In the first of a two-part series on emotion and its use in fundraising, Ken Burnett explains why fundraisers should study emotions and learn to use them better.
Polly Neate, Chief Executive of Shelter, explains why Shelter’s Executive Leadership Team and Trustees have been out fundraising, and why that doesn’t just mean meeting major donors and senior corporate partners.
This was always going to be a year to challenge us all, but 2017 delivered so much more. While both refocusing attention on donor engagement and complying with ever-changing regulation were a central focus, I’m proud to say the fundraising community has not lost sight of its passionate and innovative heart.
Our good friends at the Good Agency had an installation at this year’s Fundraising Convention asking delegates what rules they would like to break. This is what some of you had to say.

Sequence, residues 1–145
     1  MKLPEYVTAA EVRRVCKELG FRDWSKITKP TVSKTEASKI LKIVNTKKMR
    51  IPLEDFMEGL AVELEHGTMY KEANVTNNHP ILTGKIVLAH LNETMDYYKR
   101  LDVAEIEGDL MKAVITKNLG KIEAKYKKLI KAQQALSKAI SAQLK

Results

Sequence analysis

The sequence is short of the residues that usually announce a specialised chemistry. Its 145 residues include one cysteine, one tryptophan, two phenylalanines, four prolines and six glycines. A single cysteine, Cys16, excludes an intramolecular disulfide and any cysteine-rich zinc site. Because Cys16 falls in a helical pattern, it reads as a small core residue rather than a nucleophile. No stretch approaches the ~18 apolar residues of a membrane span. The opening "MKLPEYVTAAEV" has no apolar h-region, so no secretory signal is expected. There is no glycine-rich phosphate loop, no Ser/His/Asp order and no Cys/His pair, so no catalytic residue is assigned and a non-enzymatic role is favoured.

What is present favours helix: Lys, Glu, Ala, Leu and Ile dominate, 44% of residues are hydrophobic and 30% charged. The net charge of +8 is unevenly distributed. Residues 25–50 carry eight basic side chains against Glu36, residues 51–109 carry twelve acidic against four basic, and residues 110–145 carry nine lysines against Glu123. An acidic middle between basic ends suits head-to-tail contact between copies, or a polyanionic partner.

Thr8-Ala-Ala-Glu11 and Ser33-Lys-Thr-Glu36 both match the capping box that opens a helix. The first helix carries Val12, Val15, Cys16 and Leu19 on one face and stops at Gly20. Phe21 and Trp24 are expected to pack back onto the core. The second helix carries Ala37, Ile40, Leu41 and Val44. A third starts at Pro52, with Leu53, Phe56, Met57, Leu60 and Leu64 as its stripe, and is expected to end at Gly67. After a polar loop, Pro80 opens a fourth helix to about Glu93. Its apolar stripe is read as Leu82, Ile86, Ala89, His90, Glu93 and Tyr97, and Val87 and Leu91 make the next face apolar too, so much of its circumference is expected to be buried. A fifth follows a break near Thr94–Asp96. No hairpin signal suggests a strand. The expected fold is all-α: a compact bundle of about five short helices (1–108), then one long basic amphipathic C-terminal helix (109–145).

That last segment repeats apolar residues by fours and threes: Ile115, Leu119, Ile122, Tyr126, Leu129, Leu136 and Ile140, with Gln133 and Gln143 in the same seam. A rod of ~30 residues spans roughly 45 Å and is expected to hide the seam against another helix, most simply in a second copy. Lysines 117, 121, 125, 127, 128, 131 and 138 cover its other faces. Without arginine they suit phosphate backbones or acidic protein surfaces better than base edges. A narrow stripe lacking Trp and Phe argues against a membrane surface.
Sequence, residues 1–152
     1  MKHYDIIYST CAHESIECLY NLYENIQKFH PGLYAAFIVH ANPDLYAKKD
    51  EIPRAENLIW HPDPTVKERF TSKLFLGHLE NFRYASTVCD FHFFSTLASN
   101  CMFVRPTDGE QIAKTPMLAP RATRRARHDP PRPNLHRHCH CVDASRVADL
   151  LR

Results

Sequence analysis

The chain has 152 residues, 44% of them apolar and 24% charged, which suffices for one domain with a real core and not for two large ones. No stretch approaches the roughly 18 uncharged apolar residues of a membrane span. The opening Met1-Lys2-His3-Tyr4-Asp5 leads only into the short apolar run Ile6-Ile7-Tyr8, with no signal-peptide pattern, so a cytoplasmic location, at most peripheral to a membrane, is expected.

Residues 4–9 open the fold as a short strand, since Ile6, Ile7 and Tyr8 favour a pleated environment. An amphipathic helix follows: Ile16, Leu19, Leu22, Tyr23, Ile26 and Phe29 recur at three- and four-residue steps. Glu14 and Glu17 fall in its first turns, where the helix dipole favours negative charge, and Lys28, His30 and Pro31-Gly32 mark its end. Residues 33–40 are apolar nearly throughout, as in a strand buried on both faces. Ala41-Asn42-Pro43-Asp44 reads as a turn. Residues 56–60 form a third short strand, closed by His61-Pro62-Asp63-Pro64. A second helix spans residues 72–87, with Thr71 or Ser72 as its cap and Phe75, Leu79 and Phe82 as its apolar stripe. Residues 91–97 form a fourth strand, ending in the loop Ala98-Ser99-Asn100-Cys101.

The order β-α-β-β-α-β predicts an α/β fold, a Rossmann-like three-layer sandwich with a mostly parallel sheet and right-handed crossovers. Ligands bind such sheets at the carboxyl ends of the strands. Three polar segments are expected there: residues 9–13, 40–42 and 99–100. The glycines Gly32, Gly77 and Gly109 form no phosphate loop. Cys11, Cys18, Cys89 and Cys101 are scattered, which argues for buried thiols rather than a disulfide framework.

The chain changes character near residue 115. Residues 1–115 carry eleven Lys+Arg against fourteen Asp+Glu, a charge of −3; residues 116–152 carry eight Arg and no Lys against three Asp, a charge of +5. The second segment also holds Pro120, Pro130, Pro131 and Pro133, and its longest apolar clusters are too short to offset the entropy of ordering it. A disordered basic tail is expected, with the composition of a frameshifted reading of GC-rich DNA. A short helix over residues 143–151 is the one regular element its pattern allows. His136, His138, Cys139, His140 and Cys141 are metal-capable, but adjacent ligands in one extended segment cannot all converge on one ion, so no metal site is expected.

I’m typing this on the busy 17.57 train from St Pancras to Chesterfield on the way home from a multi-day, full on team meeting in London. I was motivated to put fingers to laptop keyboard by the emotionally charged atmosphere at the end of the meeting.
Part three: change our mind, change our organisation, change the world.
Part one: we’ll never find an answer to our retention problem until we start asking the right questions.
Here at Listen, our mission statement includes this line: ‘we will work with charities of all sizes, as long as we have the capacity to.’ Which basically means we’re serious about representing the Davids as well as the Goliaths of the charity sector.
Insanity’s defined as doing the same thing over and over expecting a different result. So why, when faced with the most horrendous retention figures the sector has ever faced, do we focus all our efforts on finding new donors (who don’t stay!) instead of building relationships with existing ones?